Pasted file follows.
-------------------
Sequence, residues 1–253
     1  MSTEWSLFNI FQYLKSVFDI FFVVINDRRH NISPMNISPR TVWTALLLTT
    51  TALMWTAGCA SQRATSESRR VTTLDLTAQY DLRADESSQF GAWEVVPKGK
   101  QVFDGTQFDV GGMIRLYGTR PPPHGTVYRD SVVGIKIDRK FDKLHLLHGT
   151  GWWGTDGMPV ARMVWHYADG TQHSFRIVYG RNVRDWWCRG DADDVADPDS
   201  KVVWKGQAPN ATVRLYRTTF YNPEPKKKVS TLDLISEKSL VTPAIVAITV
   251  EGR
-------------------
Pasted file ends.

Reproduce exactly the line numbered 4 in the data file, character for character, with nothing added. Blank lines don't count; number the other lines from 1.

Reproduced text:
   101  QVFDGTQFDV GGMIRLYGTR PPPHGTVYRD SVVGIKIDRK FDKLHLLHGT